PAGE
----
The site’s chief executive and co-founder, Ben Silbermann, announced the change on Thursday.
“For our first test, we’ll promote a few pins in search results and category feeds,” he wrote in a blogpost. “For example, a pin for a Darth Vader outfit from a costume shop might be promoted in a search for 'halloween'."
Silbermann was keen to emphasise that the promotions would be “tasteful… transparent… [and] relevant”, and the system would change over time based on user feedback.
At present, the company is offering the trial scheme to selected advertisers for free.
“We want to see how things go and, more than anything, hear what you think," said Silbermann's post.
“Nobody’s paying for anything yet - we want to see how things go and, more than anything, hear what you think.”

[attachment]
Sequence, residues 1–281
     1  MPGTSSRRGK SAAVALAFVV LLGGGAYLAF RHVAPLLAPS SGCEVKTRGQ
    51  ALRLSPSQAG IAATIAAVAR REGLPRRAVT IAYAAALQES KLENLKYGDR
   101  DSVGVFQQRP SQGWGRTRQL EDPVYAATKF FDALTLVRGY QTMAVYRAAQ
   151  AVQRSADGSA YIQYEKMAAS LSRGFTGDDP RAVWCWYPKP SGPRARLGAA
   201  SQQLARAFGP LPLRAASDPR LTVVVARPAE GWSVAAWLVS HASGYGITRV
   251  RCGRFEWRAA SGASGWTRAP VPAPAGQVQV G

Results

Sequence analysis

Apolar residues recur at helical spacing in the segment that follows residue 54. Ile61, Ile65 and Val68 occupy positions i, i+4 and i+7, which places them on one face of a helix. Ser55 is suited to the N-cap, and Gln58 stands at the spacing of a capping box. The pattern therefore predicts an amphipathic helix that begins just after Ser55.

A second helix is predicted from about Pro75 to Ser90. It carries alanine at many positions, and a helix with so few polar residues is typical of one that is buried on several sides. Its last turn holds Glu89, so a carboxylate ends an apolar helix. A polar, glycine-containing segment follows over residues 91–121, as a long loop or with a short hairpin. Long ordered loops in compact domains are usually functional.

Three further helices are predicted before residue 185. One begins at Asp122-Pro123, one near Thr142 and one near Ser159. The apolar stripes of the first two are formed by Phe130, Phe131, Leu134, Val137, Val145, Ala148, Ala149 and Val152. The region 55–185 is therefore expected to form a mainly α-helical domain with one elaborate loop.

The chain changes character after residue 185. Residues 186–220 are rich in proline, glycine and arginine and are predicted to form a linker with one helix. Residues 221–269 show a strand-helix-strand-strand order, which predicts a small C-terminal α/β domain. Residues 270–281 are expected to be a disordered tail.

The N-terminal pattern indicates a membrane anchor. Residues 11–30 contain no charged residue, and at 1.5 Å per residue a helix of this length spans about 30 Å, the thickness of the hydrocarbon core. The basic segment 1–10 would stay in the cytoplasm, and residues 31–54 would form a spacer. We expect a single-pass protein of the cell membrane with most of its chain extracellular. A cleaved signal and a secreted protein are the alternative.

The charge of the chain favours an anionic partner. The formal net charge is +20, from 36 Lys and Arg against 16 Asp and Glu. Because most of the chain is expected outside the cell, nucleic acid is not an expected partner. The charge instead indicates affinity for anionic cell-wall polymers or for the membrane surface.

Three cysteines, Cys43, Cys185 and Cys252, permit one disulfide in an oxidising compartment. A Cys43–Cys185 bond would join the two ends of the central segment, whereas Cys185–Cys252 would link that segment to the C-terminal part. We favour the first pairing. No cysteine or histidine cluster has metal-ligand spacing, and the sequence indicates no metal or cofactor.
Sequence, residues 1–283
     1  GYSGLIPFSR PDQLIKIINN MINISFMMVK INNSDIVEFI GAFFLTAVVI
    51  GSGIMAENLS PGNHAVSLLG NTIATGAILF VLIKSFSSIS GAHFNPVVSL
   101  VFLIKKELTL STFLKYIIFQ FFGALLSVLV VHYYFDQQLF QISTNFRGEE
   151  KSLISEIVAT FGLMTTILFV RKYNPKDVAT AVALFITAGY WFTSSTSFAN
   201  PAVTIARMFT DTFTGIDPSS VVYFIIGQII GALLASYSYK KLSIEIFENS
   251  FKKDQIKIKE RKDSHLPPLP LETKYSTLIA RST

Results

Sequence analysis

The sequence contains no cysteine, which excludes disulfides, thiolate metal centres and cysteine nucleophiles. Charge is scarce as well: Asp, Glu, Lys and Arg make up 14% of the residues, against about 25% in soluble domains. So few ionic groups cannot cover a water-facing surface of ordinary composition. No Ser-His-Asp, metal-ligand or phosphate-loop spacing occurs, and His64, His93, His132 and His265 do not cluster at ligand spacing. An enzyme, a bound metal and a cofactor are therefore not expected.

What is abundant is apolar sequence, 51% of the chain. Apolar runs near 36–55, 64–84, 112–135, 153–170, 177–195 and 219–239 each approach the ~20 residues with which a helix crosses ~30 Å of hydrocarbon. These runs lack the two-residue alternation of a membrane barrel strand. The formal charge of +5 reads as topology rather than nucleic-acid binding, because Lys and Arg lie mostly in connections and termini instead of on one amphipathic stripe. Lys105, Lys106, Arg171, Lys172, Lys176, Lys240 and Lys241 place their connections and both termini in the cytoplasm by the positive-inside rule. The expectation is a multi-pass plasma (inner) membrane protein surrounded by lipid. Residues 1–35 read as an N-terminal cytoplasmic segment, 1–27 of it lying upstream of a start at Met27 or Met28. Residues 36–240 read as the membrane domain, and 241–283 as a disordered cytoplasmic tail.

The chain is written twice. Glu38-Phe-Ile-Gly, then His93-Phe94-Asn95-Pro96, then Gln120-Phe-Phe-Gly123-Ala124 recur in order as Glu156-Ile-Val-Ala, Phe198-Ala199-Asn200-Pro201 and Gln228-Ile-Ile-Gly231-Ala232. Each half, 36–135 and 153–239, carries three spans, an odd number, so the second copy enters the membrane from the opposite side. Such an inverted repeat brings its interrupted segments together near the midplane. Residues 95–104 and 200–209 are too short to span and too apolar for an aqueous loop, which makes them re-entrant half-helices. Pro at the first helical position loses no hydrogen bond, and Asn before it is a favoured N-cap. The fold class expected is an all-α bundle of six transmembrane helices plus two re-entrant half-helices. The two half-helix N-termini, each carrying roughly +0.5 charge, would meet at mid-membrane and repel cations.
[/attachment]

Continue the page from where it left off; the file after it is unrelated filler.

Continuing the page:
The demographic of Pinterest’s community is particularly appealing to advertisers, showing strong support amongst women and people with university-level education.
Promoted pins are not the first attempt at monetisation by Pinterest. The site collects 'affiliate' payments on purchases made through outward-bound links.
That strategy led to a minor controversy in early 2012, after users complained that it wasn’t clear enough that Pinterest was modifying their links to insert the affiliate codes.
“We’ll always let you know if someone paid for what you see, or where you see it," wrote Silbermann, emphasising the transparency of the new promoted pins tool.
Pinterest has faced new competition in recent months from Fancy, a New York startup with a similar focus on curating images of desirable items.
In July, Fancy received funding worth $53m (£33m), giving it a valuation of $600m (£374m). That includes investment from Will Smith and American Express, but doesn't bring its valuation close to Pinterest, whose most recent funding round secured it $200m (£125m) and valued it at $2.5bn (£1.56bn).
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